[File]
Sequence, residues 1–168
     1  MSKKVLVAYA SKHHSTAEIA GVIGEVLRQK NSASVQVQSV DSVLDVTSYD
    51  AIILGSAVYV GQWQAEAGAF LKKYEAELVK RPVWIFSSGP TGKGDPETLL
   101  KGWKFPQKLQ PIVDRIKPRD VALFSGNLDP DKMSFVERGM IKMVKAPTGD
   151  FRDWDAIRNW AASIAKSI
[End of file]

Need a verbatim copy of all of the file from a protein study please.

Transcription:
Sequence, residues 1–168
     1  MSKKVLVAYA SKHHSTAEIA GVIGEVLRQK NSASVQVQSV DSVLDVTSYD
    51  AIILGSAVYV GQWQAEAGAF LKKYEAELVK RPVWIFSSGP TGKGDPETLL
   101  KGWKFPQKLQ PIVDRIKPRD VALFSGNLDP DKMSFVERGM IKMVKAPTGD
   151  FRDWDAIRNW AASIAKSI